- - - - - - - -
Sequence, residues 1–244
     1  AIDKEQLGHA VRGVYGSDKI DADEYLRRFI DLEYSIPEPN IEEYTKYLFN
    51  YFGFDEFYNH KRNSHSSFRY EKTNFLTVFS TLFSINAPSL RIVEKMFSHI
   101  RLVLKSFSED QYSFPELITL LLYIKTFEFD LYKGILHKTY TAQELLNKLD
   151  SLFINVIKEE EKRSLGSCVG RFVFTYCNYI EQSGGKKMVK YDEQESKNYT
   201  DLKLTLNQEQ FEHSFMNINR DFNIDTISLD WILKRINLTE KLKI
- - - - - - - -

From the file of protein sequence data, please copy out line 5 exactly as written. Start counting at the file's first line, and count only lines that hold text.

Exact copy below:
   151  SLFINVIKEE EKRSLGSCVG RFVFTYCNYI EQSGGKKMVK YDEQESKNYT